How Do I Report Spam to Chase Bank?

When you receive a spam email from Chase, it most likely is a phishing email. This means that someone posing as Chase has sent the email for a fraudulent purpose to mislead you into giving away personal or account information such as your login details, bank account number or PIN code. You can simply report phishing to Chase online via email as long as you haven't acted on the message. Otherwise, you'll need to call Chase as soon as possible so that they can safeguard your account and prevent unauthorized access and usage.

Forward your Chase spam email to abuse@chase.com so that the bank's team can investigate.
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Tip

Forward your Chase spam email to abuse@chase.com so that the bank's team can investigate. If you gave away your information or clicked on one of the email's links, call the appropriate Chase number for your account type right away.

Recognize Chase Phishing Email

A Chase phishing email can look very much like official communications from the site and easily trick you into thinking it's real. Such an email usually uses the Chase logo and the company's familiar email design; it may even include links that look like they go to the Chase website or a special account page. However, if you check the sender's email address, it usually won't be from Chase.com. Also, you may notice grammar and spelling errors in the writing.

These emails sometimes make alarming claims that your Chase bank account was hacked, that your password got disabled or that you need to verify your account to continue having access. Other times, they'll mention that you need to update your account information, log in to back up your customer data or log in to an alternate site due to an outage. You might even get a fake credit card statement notification or get asked to complete a customer service survey for some prize.

Report Spam to Chase Online

If you do receive a fraudulent email that claims to be from Chase, don't click any links, provide any requested information or call any number listed. Instead, forward the suspicious spam email immediately to abuse@chase.com, which is the official and safe Chase email address. When you report phishing to Chase, the bank's fraud prevention team will have a chance to investigate the email, including the sender, and potentially warn other customers before they act on the message.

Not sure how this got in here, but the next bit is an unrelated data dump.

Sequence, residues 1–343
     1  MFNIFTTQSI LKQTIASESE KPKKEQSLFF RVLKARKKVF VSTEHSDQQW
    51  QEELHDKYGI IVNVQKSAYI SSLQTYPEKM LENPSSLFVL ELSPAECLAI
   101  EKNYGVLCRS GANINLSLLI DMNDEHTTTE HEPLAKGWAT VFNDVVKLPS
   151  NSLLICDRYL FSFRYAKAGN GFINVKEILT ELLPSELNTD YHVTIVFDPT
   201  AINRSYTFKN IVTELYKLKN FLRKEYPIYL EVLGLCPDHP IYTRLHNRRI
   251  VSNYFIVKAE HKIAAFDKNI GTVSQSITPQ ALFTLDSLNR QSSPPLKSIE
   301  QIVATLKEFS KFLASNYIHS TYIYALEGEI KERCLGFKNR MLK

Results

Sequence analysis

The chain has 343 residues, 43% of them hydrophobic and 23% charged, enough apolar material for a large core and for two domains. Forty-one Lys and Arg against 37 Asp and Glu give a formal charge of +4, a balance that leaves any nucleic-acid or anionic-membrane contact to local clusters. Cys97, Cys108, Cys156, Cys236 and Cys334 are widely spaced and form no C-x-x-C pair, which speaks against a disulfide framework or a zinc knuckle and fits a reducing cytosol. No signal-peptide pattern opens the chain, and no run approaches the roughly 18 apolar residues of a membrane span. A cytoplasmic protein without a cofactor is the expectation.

Contact Chase to Report Fraud

If you did follow the instructions in the spam email and gave away account information or logged in to some alternative Chase site, it's important to call Chase right away to protect your account. If you're a credit card customer, you can simply call the customer service number on the back of the card. If you're a checking or savings customer, Chase instructs you to call 1–800–935–9935. If you have just auto financing through Chase, you can call 1–800–336–6675.

In addition to calling Chase to report fraud, you'll need to take additional actions if someone ends up using your accounts without authorization or opens new accounts in your name. You can visit the Federal Trade Commission's IdentityTheft.gov website to report identity theft incidents, reach out to the credit bureaus to request a fraud alert and even file a police report in your town.

Avoid Falling for Email Scams

Knowing the signs of an email scam can help prevent you from mistaking it as coming from an actual Chase email address and potentially giving away sensitive information. If you're not sure if the email is a scam, you could try pasting some of the text from the email into a search engine, since you may bring up pages of other customers who received the same Chase phishing email. You can also always call Chase and check whether your account truly has an issue.

To keep your information safe, consider taking some additional steps such as using a spam email filter that will keep these fake messages out your inbox and adding multi-factor authentication to your Chase account. Keeping your computer's anti-virus software updated also can help, especially if the fake Chase email has a malicious attachment. Lastly, always visit the Chase website directly in your browser rather than following links in suspicious emails.

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